Alan I. Fine, primary care physician, Warren, N.J., on February 18, 2022. Born in Brooklyn, Fine was the first of his immediate family to finish college and was captain of the cheerleading squad. After earning an M.D. from New York Medical College, he was chief cardiologist at Sheppard AFB in Texas before settling in New Jersey. Fine and his partner built a 50-year practice based on attentiveness and compassion, the only way they believed to “doctor.” Fine also taught at Rutgers’ Robert Wood Johnson Medical School. In his final hours, his family played him the radiocast of the seventh game of the 1955 World Series, in which his beloved Dodgers finally overcame the Yankees. Fine is survived by his wife of 63 years, Karen; sons, Jon and Neil, and their wives; and two grandchildren.

Paul S. Frommer, naval commander, Alexandria, Va., on January 21, 2023. A graduate of Stuyvesant H.S. and an Eagle Scout, Frommer earned an M.A. from UC Berkeley before joining the Navy. After serving in Vietnam, he rose to the rank of commander before his retirement. Frommer was active in the Greater D.C. community, where he was VP at large of the Jewish Federation of Greater Washington, VP development for the Jewish Community Center of Northern Virginia and president of Agudas Achim congregation in Alexandria, and was involved with a number of other community organizations. He and his wife, Elizabeth, founded the Gesher Jewish Day School in Fairfax, Va. He was predeceased by brothers, Herbert ’54, DM’57 and Alan ’57, SEAS’58. In addition to his wife, he is survived by his sons, Joshua (Melissa) and Samuel (Richard); daughters, Alexandra Schnitzer (Daniel) and Leah Bondy (Daniel); and three grandchildren.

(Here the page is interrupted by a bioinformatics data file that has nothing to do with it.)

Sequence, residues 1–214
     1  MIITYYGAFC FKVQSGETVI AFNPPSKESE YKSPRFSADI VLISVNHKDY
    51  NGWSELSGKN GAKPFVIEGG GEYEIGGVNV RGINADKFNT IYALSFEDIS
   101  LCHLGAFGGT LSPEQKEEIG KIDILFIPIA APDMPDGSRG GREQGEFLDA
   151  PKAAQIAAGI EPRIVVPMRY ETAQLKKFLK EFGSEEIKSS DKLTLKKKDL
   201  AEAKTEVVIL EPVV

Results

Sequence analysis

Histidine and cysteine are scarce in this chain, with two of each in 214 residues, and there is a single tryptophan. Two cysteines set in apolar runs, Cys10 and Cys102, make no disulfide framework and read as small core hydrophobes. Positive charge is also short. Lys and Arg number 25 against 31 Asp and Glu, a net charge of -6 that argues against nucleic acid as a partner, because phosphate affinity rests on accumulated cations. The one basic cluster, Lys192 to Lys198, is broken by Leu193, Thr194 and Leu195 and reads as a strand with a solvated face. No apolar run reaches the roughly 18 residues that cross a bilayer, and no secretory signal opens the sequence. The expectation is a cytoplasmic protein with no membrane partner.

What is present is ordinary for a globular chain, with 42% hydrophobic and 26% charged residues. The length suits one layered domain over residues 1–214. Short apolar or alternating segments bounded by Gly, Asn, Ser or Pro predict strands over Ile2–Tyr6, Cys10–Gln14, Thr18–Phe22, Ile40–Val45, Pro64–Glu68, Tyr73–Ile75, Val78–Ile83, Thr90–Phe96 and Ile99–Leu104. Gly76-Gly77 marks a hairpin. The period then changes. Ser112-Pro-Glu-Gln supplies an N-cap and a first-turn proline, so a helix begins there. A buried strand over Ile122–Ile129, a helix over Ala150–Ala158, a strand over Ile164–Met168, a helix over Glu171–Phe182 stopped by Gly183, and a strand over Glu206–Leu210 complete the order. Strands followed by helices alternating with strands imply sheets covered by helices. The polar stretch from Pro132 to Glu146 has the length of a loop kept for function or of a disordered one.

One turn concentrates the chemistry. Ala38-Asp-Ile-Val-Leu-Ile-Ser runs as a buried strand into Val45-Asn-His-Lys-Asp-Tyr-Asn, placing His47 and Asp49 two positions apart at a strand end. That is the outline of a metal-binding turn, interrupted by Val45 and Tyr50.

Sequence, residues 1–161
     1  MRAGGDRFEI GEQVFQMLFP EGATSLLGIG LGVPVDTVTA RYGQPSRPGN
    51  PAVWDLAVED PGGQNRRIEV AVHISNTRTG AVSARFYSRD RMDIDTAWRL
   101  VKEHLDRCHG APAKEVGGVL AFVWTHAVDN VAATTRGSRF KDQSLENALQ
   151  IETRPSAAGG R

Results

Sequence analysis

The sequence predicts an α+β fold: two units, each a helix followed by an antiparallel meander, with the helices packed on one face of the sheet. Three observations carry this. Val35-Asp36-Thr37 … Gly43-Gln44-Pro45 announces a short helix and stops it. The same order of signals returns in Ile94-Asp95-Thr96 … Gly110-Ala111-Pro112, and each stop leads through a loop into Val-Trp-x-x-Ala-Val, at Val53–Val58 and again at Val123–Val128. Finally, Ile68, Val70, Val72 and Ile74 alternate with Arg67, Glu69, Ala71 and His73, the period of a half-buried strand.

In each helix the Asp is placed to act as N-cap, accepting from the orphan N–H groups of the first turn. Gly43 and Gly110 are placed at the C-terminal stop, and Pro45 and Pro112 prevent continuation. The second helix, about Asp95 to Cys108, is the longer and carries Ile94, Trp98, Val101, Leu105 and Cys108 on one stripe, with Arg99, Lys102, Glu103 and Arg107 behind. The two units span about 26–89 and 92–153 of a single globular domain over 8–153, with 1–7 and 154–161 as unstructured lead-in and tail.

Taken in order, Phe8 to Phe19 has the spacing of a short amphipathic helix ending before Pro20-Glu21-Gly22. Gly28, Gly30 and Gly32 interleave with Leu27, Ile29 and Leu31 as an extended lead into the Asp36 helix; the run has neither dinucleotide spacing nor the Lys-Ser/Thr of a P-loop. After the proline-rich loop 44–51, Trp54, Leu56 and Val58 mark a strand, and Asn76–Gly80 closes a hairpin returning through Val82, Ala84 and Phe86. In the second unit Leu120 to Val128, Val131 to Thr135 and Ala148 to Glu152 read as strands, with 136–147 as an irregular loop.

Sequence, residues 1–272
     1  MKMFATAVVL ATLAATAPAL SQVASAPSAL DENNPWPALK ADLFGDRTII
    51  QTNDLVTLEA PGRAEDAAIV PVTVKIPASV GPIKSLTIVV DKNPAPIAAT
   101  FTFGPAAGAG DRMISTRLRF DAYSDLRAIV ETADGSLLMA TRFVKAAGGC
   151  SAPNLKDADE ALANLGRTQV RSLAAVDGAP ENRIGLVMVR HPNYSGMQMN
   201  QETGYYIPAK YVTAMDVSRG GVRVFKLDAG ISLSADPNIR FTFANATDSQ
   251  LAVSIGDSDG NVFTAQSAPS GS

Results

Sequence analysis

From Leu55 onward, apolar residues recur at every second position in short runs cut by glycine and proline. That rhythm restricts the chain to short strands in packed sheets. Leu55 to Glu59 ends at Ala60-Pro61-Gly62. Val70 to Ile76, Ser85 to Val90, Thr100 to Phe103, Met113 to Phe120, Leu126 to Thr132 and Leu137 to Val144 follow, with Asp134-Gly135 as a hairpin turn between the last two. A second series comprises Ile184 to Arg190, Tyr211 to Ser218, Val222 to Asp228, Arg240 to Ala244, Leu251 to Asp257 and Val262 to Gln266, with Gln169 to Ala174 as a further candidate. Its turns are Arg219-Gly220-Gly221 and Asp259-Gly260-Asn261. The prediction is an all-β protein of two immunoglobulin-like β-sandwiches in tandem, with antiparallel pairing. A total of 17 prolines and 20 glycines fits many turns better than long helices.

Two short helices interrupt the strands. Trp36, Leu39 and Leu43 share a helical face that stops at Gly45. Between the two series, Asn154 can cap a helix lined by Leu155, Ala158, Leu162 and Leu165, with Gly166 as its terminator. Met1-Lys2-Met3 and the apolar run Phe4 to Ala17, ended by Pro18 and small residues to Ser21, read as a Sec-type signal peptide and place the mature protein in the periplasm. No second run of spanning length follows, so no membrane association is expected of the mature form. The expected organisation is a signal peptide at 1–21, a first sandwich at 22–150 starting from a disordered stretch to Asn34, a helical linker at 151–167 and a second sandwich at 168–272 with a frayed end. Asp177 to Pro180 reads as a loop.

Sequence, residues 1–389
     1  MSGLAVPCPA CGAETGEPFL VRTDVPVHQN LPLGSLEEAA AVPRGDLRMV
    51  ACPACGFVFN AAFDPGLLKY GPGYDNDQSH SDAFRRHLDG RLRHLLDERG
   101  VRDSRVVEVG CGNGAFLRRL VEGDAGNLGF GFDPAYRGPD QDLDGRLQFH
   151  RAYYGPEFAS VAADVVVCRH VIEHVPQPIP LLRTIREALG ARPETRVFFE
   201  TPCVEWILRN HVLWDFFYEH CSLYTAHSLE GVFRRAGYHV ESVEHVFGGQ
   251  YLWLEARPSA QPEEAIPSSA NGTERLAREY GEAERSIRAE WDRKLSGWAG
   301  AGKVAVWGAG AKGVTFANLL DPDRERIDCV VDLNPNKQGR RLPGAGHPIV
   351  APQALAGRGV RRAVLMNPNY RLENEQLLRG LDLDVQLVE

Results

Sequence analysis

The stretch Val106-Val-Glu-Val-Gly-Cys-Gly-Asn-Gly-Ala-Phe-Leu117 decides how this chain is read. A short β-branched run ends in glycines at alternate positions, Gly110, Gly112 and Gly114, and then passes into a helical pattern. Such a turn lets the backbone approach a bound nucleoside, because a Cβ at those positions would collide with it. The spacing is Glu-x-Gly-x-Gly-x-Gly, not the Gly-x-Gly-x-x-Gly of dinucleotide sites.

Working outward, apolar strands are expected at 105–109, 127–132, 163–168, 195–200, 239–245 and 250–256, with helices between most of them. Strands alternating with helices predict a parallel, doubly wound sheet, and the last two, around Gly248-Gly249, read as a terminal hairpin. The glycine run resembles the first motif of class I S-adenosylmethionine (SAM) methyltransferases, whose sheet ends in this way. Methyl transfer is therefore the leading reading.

Robert J. Lehner _57
Robert J. Lehner, attorney and justice official, North Miami Beach, Fla., on January 15, 2023. Lehner grew up in Washington Heights and played baseball and basketball at the College, receiving the Blair Bat in 1957 for the highest batting average in the Ivy League. After one season of minor league baseball with the Cleveland Indians organization, he graduated from the Law School in 1961 and began his career in public service as an ADA in Manhattan and as chief of the Homicide Bureau under DAs Frank Hogan CC 1924, LAW 1928 and Robert Morgenthau. In 1976 Lehner became deputy chief counsel for the U.S. House of Representatives’ Select Committee on Assassinations, where he led the investigation into the assassination of Martin Luther King Jr. He served in the Department of Justice from 1978 to his retirement in 2022, as chief of the Organized Crime Strike Force (Miami) and then assistant U.S. attorney for the Southern District of Florida.